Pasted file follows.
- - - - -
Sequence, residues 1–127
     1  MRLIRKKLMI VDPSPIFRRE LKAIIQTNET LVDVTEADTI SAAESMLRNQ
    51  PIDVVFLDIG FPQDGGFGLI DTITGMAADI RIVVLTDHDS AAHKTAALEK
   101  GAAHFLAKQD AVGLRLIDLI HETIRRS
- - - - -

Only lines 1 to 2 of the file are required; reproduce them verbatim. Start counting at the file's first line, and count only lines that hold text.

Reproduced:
Sequence, residues 1–127
     1  MRLIRKKLMI VDPSPIFRRE LKAIIQTNET LVDVTEADTI SAAESMLRNQ